Africa: the Exhaustion of Electoral Democracy against the Resurgence of Presidential Third Termism and beyond?

Martin Revayi Rupiya


In the post 1990s era of multiparty democracy in Africa, concerted attempts towards power retention by incumbents through ‘Third-termism’ has presented the most daunting challenge. Employing the development theory of testing case studies, this article examines progress made on the continent since the adoption of competitive multiparty democracy since the 1990s. Citing democratic stagnation in Togo, Gabon, Cameroon and other related states, the research reveals that sitting regimes have mastered the art of undertaking constitutional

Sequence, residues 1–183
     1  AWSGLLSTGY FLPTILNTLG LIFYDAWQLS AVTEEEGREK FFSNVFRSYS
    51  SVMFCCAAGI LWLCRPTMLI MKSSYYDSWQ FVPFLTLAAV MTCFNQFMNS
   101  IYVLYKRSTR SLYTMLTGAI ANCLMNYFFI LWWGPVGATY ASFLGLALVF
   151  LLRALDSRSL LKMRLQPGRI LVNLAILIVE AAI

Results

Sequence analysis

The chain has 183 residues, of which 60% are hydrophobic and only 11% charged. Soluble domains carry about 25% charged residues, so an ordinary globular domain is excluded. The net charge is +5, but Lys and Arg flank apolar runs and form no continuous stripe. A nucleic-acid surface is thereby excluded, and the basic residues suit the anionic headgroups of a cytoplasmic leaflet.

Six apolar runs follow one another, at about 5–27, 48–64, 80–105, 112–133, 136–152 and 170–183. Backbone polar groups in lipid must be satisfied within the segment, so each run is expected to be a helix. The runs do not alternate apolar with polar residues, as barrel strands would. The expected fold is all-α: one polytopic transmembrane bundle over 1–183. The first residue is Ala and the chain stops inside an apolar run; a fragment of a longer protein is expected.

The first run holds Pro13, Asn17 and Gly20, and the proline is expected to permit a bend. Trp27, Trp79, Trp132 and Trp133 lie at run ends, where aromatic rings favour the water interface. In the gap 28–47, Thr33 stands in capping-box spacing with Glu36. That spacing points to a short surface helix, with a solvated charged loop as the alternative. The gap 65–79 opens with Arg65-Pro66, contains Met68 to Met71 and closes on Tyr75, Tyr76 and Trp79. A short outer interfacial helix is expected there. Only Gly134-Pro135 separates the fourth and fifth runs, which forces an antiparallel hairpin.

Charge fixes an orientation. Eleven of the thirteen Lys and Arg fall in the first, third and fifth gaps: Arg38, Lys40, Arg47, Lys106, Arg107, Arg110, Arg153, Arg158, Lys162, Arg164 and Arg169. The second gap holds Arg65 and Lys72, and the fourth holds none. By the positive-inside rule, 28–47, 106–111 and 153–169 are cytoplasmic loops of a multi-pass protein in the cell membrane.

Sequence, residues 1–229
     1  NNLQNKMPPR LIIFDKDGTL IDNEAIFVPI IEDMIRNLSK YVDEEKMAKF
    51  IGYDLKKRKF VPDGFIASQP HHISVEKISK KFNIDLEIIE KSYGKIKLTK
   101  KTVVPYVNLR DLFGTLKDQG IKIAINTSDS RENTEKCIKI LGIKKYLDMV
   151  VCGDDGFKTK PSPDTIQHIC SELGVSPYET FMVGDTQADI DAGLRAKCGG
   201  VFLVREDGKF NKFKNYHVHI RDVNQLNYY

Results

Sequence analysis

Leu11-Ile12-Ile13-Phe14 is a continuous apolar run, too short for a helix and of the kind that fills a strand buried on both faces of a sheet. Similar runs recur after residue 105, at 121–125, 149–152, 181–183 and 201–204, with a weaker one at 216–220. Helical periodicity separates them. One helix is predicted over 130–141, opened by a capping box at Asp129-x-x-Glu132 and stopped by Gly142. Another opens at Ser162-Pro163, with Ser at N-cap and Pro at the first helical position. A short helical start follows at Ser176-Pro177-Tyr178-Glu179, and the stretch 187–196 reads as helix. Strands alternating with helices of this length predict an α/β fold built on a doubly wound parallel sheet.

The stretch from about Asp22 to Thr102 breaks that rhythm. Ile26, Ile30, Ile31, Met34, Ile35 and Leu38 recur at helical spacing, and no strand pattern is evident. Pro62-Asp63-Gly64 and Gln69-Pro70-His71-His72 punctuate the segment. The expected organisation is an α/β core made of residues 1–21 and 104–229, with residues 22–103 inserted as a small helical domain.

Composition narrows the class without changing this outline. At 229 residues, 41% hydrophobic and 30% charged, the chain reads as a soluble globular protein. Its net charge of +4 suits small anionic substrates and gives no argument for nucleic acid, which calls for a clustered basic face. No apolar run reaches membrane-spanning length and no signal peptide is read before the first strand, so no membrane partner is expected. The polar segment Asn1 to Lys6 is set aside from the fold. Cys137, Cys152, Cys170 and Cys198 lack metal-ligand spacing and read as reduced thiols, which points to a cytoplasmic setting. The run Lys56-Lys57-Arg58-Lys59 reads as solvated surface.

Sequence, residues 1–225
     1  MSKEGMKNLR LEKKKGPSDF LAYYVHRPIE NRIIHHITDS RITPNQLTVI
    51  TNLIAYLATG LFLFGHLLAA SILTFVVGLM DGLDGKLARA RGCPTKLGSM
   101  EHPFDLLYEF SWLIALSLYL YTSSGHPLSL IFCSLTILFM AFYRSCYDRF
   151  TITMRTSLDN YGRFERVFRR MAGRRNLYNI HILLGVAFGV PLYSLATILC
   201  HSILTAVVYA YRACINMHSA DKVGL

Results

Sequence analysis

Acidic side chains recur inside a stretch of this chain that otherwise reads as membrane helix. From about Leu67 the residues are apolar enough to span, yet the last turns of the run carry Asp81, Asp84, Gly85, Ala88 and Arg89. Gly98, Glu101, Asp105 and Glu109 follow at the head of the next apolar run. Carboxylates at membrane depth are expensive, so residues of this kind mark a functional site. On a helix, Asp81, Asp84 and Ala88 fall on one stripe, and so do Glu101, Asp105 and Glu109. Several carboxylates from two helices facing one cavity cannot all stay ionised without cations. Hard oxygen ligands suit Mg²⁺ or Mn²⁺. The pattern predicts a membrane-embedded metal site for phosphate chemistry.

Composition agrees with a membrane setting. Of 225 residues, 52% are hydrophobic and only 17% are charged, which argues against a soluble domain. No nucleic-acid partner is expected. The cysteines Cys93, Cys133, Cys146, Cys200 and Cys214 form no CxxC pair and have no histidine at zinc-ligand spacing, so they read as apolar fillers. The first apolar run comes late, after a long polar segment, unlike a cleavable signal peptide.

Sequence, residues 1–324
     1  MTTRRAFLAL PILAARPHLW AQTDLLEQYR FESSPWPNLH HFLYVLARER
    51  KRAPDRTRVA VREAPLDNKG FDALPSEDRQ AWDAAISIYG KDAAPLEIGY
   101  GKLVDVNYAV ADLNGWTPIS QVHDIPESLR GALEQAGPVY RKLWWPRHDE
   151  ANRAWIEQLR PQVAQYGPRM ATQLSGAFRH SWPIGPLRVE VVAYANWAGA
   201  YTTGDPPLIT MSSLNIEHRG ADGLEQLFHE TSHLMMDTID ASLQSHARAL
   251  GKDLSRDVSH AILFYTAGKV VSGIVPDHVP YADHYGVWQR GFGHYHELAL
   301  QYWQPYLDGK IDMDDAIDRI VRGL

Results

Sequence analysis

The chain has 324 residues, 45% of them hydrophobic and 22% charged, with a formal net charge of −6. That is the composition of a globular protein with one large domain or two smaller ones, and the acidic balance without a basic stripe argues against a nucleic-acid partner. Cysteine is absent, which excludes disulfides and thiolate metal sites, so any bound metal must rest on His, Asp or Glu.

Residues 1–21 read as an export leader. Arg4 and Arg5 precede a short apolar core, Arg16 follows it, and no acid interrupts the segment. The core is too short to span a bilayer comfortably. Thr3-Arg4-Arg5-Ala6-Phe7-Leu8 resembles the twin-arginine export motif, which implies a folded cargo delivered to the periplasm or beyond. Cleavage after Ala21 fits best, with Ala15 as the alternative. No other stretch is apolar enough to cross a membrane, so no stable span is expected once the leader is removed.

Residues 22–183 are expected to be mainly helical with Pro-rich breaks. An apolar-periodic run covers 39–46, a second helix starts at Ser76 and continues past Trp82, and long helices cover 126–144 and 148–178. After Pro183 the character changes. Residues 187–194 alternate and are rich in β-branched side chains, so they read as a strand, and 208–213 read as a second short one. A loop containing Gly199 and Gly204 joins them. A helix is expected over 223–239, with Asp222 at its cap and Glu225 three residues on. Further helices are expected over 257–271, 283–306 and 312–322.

electoral processes without changing the outcome. This is a phenomenon that appears to have escaped the attention of researchers and analysts. The
conclusion drawn is that, the quest for ‘Third-terms extending periods in power by long-serving incumbents and some surviving siblings has become the
syndrome that reflects the embedded deep states which are immune to electoral challenge for the foreseeable future.

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